Tuesday, January 19th, 2016

Sometimes I think that my bravest clients are those who are considering changing something fundamental about themselves. My first thought was of my transgender clients. The challenges they face are practically unimaginable to people who have not experienced such thought, which adds to their sense of isolation. Even with support and validation it is a frightening and life-changing journey. One only hopes that the benefits are realized early on in the process and that one is open to the joy of self-realization.

However, as I continue to follow this line of thinking, I realize many of my clients that are facing major changes in their lives share the same courage. Those who are leaving a long-term relationship, losing or changing jobs, or simply facing a characteristic in themselves they don’t like are preparing for a long and hard journey. We may have more in common with one another than we think, at first glance. I feel pride in all of my clients’ efforts and hope I tell them often enough.


Sunday, January 10th, 2016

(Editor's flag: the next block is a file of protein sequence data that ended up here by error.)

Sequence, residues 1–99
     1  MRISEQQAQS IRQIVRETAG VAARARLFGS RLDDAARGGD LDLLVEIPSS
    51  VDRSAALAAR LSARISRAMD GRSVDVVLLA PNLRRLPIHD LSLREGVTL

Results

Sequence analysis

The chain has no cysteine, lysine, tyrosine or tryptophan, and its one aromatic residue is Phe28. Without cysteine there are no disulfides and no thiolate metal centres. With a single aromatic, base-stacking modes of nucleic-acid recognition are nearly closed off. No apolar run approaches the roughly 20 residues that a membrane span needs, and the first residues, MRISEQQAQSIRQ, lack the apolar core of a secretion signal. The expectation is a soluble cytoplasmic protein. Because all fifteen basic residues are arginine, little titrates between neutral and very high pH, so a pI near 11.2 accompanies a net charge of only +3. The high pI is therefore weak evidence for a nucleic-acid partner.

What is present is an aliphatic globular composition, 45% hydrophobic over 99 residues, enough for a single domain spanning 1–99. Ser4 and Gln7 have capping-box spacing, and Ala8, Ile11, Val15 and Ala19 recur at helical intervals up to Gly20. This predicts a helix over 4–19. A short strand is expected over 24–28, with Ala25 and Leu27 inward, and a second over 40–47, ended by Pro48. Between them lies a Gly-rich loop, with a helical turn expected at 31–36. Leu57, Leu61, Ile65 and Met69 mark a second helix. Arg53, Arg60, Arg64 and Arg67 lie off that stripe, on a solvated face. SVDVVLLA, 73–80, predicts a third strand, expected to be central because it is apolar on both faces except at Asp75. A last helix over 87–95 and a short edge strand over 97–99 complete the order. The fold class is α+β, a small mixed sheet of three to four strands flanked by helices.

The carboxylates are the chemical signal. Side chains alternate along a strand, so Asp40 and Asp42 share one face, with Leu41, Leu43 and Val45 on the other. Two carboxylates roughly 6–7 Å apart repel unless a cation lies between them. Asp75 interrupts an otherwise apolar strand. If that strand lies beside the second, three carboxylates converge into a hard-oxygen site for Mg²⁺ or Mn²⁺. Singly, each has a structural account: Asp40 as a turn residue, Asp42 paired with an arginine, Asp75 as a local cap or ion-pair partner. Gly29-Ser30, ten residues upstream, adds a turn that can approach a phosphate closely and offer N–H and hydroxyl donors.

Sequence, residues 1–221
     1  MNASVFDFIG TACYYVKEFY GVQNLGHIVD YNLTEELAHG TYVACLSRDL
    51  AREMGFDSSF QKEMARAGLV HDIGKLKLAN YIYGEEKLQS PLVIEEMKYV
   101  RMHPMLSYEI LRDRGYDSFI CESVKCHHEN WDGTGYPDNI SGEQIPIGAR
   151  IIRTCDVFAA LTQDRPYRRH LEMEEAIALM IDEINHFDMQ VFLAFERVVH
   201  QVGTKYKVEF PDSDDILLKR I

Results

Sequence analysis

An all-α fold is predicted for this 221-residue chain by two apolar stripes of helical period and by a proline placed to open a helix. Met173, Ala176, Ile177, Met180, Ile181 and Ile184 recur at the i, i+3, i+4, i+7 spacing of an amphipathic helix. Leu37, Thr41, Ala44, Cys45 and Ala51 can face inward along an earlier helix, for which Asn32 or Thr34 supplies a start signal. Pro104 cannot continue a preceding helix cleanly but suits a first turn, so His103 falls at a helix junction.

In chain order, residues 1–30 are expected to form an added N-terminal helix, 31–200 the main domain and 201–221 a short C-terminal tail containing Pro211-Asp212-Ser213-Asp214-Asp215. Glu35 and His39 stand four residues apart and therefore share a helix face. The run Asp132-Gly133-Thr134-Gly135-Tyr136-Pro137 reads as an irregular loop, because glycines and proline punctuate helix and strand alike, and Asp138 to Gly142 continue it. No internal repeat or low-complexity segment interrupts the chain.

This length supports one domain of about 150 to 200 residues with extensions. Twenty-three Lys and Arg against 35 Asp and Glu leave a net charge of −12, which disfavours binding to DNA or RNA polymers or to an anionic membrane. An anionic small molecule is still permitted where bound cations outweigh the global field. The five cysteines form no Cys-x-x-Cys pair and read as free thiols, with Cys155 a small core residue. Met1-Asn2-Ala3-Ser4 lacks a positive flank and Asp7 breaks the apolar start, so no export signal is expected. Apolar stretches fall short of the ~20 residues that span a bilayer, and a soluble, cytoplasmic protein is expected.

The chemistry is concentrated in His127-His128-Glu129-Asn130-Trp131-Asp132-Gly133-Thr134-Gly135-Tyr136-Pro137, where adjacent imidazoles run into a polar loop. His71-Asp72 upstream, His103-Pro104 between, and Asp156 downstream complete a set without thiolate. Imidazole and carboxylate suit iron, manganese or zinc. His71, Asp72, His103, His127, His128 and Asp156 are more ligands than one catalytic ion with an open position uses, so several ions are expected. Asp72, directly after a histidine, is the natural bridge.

A friend once summarized her guiding principle in life in this way: It’s better to be kind than to be right. While that sounds fairly simple, in reality it is far from easy to adopt. Being right often brings immediate gratification and at least temporarily boosts our self-esteem. It is self-validating and establishes our superiority or at least our intelligence and competence.

So what does being kind do for us? Is that the right question? Perhaps we should be asking what being kind does for others. Let’s examine that. Being kind allows others to feel validated, to save face, to be “right”, even when they are wrong. It gives us space to pay attention to what is important, and what really matters. More often than not, what matters is not how we look to others, but how we make them feel.

Give kindness a chance. And most important of all, be kind to yourself.

Miracles May Happen

Monday, October 26th, 2015

Miracles May Happen

No one should depend on a miracle to save them. If a miracle has saved you once, you must not depend on a miracle to rescue you a second time.  – Zohar 21